Abi Ahmed rejected Hamdok’s initiative, presented in the name of IGAD at the beginning of the war, and said that he needed only two weeks to enter Mekele, the capital of Tigray, and arrest the leaders of the rebellion. He did not care about any other initiatives.

But the winds do not like the ships. Tigray launched a comprehensive counterattack in which they regained their historical capital, Mekele, and most of the region’s cities, and penetrated deep into the Amhara. Which led to the disintegration of the Ethiopian army and the escalation of the operations of the Oromo armed opposition, and Gondar and Addis Ababa were threatened with invasion, while famine spread in the besieged Tigray region and international and American pressures escalated on Abi Ahmed to stop the fighting and enter into a dialogue.

Tigray also needs to stop the fighting so that humanitarian aid can reach their region, as the Addis Ababa government has used starvation as a weapon, and it has greatly affected the citizens of the region, as 4 million out of 6 million suffer from the specter of starvation, so they launched desperate attacks in the Afar in an attempt to open a safe passage to provide their region with food They crossed the Addis Ababa road to Djibouti, before the Afar stopped them, but they equally made astonishing progress deep into the Amhara, which contributed to Abiy Ahmed’s acceptance of the initiative.

If there is a ceasefire in Tigray, safe corridors will be opened to deliver relief and humanitarian aid and restore electricity and communications to the stricken region. And the return of more than 70,000 refugees in Sudan to Tigray.

The visit of Samantha Power, the Director of the United States Agency for Development, to Khartoum and Addis Ababa, aims primarily to deliver humanitarian aid to the Tigray region, provided that a cease-fire is established without preconditions and that the parties to the conflict enter into a dialogue, and Sudan has been approved as a gateway for humanitarian aid.

The Ethiopian issue is very complex and all Ethiopian nationalities need dialogue, and not only with Tigray and Oromo, but “Bani Shanqul, Welata, Afar, Qambila and the Somali Region.”

The main point of contention that led to the war remains; Will Ethiopia return to the former ethnic coalition regime that the Tigrayans and the Oromo demand after Abiy Ahmed abolished? It is too early for an answer.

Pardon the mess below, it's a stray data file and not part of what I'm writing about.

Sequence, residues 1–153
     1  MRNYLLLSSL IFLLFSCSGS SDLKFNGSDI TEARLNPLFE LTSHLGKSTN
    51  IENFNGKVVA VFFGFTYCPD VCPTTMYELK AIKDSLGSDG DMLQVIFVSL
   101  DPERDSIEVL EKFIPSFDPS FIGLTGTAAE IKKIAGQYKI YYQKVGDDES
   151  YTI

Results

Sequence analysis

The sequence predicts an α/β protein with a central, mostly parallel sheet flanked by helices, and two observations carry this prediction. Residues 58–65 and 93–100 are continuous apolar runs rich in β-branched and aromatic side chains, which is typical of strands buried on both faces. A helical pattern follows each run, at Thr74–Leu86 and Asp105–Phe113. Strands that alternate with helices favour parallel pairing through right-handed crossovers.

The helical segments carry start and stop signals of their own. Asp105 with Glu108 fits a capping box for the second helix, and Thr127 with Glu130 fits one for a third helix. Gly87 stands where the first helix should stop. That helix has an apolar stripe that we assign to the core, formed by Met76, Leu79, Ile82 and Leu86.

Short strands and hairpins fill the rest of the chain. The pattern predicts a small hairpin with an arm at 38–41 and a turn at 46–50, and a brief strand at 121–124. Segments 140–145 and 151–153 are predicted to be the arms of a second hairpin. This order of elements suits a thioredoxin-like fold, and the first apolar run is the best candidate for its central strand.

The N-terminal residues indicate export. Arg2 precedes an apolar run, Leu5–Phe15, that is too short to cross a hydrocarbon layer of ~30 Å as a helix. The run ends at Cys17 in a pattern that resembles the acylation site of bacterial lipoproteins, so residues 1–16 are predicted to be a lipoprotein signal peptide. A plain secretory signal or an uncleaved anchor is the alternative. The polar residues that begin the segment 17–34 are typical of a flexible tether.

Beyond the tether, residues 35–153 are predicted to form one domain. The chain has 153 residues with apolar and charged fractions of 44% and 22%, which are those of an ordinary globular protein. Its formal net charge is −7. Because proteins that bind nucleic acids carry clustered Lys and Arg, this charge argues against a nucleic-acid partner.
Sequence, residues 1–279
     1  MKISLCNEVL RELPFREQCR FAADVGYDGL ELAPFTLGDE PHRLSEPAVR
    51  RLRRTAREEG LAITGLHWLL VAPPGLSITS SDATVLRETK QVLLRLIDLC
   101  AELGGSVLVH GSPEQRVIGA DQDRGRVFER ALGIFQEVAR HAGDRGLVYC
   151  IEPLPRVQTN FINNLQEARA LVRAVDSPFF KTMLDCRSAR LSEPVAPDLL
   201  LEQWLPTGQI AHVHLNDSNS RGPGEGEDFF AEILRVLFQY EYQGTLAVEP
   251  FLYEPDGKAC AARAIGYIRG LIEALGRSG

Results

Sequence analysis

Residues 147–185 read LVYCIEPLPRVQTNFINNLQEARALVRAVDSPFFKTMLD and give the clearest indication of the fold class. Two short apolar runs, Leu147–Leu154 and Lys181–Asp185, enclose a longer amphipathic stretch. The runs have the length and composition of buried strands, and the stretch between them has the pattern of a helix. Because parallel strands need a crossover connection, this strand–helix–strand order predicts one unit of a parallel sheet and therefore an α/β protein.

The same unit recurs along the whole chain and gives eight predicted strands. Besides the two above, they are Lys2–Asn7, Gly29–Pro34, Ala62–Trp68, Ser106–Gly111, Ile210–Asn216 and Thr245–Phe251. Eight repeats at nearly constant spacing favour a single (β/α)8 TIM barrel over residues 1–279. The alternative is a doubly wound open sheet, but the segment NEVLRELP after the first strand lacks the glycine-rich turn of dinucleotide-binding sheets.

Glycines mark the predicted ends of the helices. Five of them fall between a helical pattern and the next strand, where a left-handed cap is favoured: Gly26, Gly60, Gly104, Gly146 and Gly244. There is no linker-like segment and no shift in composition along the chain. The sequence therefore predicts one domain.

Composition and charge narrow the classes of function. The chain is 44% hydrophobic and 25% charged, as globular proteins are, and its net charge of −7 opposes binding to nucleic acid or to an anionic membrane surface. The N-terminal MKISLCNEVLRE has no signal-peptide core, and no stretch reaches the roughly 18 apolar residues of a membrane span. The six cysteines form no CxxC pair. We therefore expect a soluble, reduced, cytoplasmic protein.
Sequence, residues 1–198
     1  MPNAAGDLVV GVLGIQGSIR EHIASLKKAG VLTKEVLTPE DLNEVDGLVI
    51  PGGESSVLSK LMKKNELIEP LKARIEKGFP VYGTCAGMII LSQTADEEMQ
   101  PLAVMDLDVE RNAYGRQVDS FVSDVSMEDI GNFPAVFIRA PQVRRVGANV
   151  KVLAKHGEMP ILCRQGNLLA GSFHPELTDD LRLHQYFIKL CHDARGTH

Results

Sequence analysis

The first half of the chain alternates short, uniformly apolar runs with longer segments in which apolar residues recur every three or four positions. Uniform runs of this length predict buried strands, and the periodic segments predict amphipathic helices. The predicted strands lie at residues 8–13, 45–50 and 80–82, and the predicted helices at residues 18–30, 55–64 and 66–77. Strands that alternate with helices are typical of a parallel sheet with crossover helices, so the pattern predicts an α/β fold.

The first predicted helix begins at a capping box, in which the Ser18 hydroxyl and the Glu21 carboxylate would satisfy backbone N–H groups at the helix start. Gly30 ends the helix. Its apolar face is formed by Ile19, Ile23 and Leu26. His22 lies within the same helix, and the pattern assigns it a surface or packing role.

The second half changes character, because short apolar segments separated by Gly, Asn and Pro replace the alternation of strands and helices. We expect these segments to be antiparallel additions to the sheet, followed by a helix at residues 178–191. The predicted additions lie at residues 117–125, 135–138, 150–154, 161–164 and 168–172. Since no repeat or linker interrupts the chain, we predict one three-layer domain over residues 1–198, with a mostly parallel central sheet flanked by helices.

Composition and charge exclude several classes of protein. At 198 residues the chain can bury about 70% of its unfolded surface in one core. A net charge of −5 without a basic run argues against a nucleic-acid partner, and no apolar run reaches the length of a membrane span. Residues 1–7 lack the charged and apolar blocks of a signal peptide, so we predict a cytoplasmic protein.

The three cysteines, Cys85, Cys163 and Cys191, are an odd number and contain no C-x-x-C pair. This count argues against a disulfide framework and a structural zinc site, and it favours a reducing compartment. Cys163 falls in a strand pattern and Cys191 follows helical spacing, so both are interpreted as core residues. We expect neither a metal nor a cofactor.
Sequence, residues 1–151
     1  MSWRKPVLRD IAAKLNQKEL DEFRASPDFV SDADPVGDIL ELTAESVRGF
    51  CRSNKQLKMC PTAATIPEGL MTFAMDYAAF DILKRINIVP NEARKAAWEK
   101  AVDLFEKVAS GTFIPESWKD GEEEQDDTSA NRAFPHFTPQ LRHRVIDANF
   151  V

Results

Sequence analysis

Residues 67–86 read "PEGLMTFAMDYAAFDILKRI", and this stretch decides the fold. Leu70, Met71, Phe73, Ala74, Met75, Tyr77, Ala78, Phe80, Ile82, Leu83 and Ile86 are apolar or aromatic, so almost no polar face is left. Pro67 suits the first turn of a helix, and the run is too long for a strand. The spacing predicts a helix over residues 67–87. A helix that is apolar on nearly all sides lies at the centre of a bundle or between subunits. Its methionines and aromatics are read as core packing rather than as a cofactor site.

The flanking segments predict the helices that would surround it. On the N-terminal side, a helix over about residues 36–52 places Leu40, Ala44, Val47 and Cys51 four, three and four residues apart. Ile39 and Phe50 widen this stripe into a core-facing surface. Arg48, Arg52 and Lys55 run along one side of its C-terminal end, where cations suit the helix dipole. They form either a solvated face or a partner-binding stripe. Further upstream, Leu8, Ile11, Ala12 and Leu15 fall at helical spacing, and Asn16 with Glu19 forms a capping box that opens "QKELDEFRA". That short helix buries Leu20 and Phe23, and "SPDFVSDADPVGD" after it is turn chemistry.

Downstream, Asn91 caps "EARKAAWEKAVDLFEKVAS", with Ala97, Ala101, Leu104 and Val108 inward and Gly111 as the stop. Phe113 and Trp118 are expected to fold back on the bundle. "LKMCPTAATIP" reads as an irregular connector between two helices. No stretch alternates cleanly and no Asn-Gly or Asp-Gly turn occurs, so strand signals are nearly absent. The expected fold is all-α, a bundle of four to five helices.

Ethiopia’s new drones flying from Afar base

Tuesday, 03 August 2021 22:30 Written by

AUGUST 3, 2021  ETHIOPIATIGRAY

On Sunday, 1 August I published this Tweet: “Report – to be confirmed – of fresh drone supplies arriving for the Ethiopian military.”

Now confirmation has come, via Ethiopia Map

“Several pictures have been released showing Prime Minister Abiy Ahmed inspecting a drone/control center at Semara air base in Afar.

Unfortunately, quality of these images is horrible, so the exact model cannot be discerned. However, it’s believed to be Chinese. Maybe Wing Loong 2.

Expect to update this if we can get an exact ID on the drone.

Not too many images of the inside of Chinese drone control centers going around which would help confirm.”

A senior Tigrayan source had this response to the arrival of the drones.

“Drones flying out of Semera targeting TDF vehicles.

Short range (70km) and low altitude and not very accurate.

Mainly a psychological weapon, may do some damage but cannot change the strategic balance.”

An aerial view of Adigrat University in Tigray, Ethiopia in 2015.
30 JULY 2021
 

INTERVIEW

A rapidly escalating conflict has pushed Africa's second most populous country to the edge. In this Q&A, Crisis Group expert William Davison explains why the main protagonists urgently need to strike a deal to avert a downward spiral toward state collapse.

Who is involved in the expanding fighting in Ethiopia?

Ethiopia's grinding nine-month war has entered a dangerous new phase. In late July, the federal government and allied regional leaders intensified attempts to mobilise people from across the country to join the war against forces from the country's northernmost region, Tigray. Those forces, having broken the back of a combined Ethiopian-Eritrean intervention in Tigray after compelling most federal troops to withdraw on 28 June, have made incursions into the neighbouring Afar and Amhara regions. In response, authorities in Addis Ababa enlisted paramilitaries from some of Ethiopia's nine other regions to buttress the flagging federal military. They then launched a mass recruitment drive, including in the capital and in the two most populous regions, Oromia and Amhara. A war that has already exacted an awful toll now seems set to expand significantly, likely leading to thousands more deaths and far greater instability countrywide.